Oct 13, 2022 - Politics & Policy

New film revisits Linsanity 10 years later amid wave of anti-Asian hate

Jeremy Lin, #17 of the New York Knicks, lays up a basket against the New Jersey Nets on Feb. 4, 2012 at Madison Square Garden in New York City. Photo: Jim McIsaac via Getty Images

When Taiwanese American Jeremy Lin took the court with the New York Knicks in 2012, no one could’ve predicted what would happen next.

Driving the news: Ten years after Lin took the NBA by storm, a new HBO film, titled "38 at the Garden," situates the story of Linsanity in the current era of heightened anti-Asian hate — breathing new life into the magic that shattered the very stereotypes fueling recent surges in hate.

Flashback: Lin, now 34, stunned the world when he led the Knicks to a seven-game win streak in February 2012. As a backup point guard, he had played just 55 minutes across the team's first 23 games.

  • Lin, one of a handful of Asian Americans to make it to the league, had to regularly endure racial slurs and, as he says in the film, was trying hard to make sure he didn't get cut from the team.
  • He scored a career-high 38 points in the team’s victory over the Los Angeles Lakers on Feb. 10, outscoring Kobe Bryant.
  • He went on to score at least 20 points in five of the next six games, including 27 and the game-winning three-pointer against the Toronto Raptors just four nights after his explosion against the Lakers.
  • Lin's jersey began selling out everywhere. Asian Americans traveled from all over to watch him play. Many stood out in the crowd with their signs: "Lin-possible is everything."

Between the lines: Until recent years, Asian people were largely invisible or used as the butt of jokes in media and popular culture.

  • But on the court, Lin shattered many of the racist stereotypes long imposed on Asians — the perpetual foreigner, the model minority, the nerd, the robot, the Yellow Peril. He redefined the Asian American identity, even if only for that season.

Details: Director Frank Chi first started conceiving of the 38-minute film in 2020 as anti-Asian hate began to accelerate. At first, he was skeptical anyone would care, but as he started thinking about it more, he realized it was an opportunity to tell an important story.

  • "Anti-Asian violence truly is just the weaponization of stereotypes that have been there forever," Chi told Axios. "And Linsanity is the product of people underestimating him because of stereotypes — I thought about it from that angle from the start."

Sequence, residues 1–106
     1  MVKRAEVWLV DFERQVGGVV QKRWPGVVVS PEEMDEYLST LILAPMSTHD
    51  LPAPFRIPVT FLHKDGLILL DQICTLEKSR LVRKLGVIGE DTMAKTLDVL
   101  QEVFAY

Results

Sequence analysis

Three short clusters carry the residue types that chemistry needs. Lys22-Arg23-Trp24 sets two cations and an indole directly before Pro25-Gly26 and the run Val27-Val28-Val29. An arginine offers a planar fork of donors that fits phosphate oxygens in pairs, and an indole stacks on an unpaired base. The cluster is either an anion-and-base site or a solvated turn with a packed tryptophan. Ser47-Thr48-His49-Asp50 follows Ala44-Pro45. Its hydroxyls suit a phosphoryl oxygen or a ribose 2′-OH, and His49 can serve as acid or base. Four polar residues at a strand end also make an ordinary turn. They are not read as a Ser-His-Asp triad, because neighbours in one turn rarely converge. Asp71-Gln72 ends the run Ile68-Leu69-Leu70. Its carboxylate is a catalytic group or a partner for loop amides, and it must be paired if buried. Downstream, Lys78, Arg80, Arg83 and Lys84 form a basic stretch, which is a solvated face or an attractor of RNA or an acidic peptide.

• The film includes interviews with Lin, his former Knicks teammates, comedians Hasan Minhaj and Jenny Yang, sports journalist Pablo Torre and more.
  • It explores both the backstory of Lin's rise to fame — just how many times he came close to being cut — and the current landscape of anti-Asian hate in America.

What they're saying: Linsanity is a lot of people's "favorite Asian American memory during the worst time to be Asian American," Chi said. "That's what the 10-year anniversary feels like."

  • He and his team wanted to make a film reminding people, especially Asian Americans, that anything is possible — to "take the shot."
  • They also wanted to send a "hard-hitting message about understanding why anti-Asian violence happens and just humanizing people ... Like if we have to go make our place here, we'll do it just like Jeremy did."
  • "We are all putting out content in the world to try to combat" anti-Asian sentiment, he added. "And hopefully, '38 at the Garden' does do that."

The big picture: Asian Americans remain underrepresented in sports, making up roughly 0.2% of NBA players in the 2021-2022 season, according to The Institute for Diveristy and Ethics in Sports.

  • In 2020, another basketball player called Lin "coronavirus" while he was playing for the G League.
  • "I want better for the next generation of Asian American athletes than to have to work so hard to just be 'deceptively athletic,'" Lin wrote in a Facebook post about the incident.
  • After playing for a few different NBA teams and winning a championship with the Toronto Raptors, Lin became a free agent in 2019. In a speech on Taiwanese Christian media outlet GOOD TV, he said he felt "in some ways the NBA’s kind of given up on me."
  • He now plays for the Guangzhou Loong Lions in the Chinese Basketball Association.

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